Because food nourishes and sustains life, it often takes center stage at family gatherings, business meetings and other occasions where people congregate to interact.
Many cooks take pride in presenting favorite recipes of delectable dishes, especially during the holiday season. In fact, at some family parties there may actually be a bit of a competition between cooks for the most delicious and artfully prepared dish. Imagine that.
Cooking and preserving food requires many steps that the seasoned homemaker takes for granted.
So, what about the younger, less experienced members of the family who may be bringing a food contribution to the party for the first time?
Should these newbies be thrown to the wolves (albeit in the shape of loving aunts and others)? Of course not.
Here are some tips for the fresh-faced cook ready to step up and join the adult table.
First, avoid getting in too deep. No matter what, do not offer to follow a family recipe and bring the stuffing, green bean casserole or other immortalized family favorite.
Never will it turn out like it does when the crafty old-timer who suggested it makes it.
Choose instead a new recipe that seems simple and easy. If instructions indicate the recipe can be made ahead and reheated, so much the better. This probably is not the time to introduce the family to exotic ingredients, nor is it the time to run all over town trying to find ethnic specialties that may not exist in this country. Stick to foods the family knows and loves.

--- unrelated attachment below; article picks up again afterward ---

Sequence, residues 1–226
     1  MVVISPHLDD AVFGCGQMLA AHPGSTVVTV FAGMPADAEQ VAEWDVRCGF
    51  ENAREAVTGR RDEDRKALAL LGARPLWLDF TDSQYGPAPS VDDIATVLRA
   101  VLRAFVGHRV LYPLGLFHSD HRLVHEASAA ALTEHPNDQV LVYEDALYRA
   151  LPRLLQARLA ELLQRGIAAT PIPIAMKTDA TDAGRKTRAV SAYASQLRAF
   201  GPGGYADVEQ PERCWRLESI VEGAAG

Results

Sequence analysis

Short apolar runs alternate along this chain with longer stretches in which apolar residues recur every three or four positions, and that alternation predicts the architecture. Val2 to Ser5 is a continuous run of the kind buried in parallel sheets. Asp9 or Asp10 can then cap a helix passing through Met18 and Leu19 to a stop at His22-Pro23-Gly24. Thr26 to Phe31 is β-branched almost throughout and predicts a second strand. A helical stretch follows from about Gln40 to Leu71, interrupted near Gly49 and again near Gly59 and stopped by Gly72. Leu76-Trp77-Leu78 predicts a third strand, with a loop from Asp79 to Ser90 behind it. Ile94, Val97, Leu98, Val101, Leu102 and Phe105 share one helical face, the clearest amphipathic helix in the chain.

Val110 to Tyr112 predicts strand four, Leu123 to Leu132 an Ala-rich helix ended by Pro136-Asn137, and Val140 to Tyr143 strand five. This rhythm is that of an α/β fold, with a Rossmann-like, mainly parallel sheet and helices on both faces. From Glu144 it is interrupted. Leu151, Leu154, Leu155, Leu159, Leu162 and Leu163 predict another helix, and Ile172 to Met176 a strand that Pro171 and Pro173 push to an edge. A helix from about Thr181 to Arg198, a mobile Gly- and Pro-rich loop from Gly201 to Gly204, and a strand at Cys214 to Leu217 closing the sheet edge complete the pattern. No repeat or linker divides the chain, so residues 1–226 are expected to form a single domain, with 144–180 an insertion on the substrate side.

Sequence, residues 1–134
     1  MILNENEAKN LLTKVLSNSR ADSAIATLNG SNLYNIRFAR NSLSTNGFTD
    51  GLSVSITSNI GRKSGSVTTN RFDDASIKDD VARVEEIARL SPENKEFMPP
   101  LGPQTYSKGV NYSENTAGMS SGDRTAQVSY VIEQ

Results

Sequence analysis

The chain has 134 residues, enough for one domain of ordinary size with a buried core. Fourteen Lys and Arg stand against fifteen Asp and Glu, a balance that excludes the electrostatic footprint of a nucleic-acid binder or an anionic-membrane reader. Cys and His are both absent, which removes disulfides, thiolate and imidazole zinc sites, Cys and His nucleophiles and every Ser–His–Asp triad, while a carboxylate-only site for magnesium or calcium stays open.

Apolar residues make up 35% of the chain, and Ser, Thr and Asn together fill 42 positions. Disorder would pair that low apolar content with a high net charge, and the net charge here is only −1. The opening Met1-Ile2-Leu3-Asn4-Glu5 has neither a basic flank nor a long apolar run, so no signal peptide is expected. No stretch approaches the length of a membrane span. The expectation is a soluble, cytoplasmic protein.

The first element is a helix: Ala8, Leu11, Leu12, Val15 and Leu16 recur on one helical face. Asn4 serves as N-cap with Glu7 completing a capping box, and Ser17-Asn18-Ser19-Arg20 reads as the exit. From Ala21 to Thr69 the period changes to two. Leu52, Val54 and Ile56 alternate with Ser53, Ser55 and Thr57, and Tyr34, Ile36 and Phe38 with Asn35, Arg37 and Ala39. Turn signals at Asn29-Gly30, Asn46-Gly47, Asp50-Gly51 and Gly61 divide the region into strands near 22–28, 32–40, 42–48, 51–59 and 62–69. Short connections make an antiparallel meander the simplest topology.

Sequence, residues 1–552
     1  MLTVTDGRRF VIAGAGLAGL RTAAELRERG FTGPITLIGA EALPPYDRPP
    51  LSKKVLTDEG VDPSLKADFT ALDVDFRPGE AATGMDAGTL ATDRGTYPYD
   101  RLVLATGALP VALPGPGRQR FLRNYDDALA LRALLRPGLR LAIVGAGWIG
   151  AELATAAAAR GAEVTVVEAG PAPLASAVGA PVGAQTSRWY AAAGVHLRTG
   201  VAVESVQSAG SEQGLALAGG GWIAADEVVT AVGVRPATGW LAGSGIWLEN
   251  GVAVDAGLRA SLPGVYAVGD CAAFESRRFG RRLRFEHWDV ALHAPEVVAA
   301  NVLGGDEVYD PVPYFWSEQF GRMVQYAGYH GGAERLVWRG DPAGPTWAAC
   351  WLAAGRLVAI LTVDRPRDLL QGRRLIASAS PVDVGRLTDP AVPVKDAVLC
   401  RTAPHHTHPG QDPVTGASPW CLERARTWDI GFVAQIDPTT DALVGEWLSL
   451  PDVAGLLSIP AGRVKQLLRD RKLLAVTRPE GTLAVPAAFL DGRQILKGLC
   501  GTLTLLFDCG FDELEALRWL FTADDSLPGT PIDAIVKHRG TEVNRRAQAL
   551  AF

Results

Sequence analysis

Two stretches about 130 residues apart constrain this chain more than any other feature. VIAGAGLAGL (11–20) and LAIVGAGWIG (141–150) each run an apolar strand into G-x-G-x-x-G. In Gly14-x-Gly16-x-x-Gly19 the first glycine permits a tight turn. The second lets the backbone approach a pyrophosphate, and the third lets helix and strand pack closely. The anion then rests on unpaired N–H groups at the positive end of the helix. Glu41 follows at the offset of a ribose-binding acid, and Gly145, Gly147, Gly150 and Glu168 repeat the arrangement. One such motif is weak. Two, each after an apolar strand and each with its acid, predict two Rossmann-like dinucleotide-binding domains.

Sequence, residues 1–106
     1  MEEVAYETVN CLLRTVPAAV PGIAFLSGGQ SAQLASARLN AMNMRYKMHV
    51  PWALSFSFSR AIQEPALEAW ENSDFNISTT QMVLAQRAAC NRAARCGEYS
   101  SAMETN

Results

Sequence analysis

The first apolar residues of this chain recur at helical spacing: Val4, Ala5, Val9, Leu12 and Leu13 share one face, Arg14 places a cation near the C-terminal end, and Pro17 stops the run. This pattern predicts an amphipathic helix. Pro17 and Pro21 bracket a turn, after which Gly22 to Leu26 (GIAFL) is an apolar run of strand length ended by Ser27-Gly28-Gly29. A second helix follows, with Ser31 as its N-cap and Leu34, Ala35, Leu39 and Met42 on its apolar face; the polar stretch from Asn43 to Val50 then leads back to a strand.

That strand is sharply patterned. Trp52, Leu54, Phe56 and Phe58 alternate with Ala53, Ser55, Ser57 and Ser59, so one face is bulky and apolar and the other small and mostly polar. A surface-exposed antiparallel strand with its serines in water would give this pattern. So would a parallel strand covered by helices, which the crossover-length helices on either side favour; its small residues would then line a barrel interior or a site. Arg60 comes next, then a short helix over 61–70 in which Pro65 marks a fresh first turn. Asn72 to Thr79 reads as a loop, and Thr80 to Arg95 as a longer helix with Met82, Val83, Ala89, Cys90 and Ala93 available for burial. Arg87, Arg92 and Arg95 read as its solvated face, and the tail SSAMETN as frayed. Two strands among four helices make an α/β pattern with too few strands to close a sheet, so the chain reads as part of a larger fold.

Do not be lazy. Try out the recipe before the big day. Follow all directions exactly and if an instruction seems unclear, research the techniques by calling experienced cooks or checking on the Internet.
Many cooking sites include detailed instructions and videos to show exactly how to master cooking concepts.
Above all, do not poison the family.
From picking fresh ingredients to serving the food on the big day, be sure to follow safe food handling rules.
Keep cold foods cold until needed in the recipe. Avoid cross-contamination when preparing foods by keeping meat products separate from other foods and by carefully sanitizing surfaces between uses.
Keep hot foods hot, and never allow foods to sit out longer than 2 hours at temperatures between 40 degrees F and 140 degrees F. Remember to reheat foods to 165 degrees F before serving.
With advance planning and cooking trials, the newest cook in the family may just bring the next big favorite to the holiday table.
For questions about safe home food preservation or to schedule a speaker for organizations or clubs on the topics of food safety or food preservation call the Master Food Preservers at 530-621-5506.
For more information go to the Master Food Preserver Website at cecentralsierra.ucanr.org/Master_Food_Preservers/. Sign up to receive the Master Food Preservers e-newsletter at ucanr.org/mfpenews/.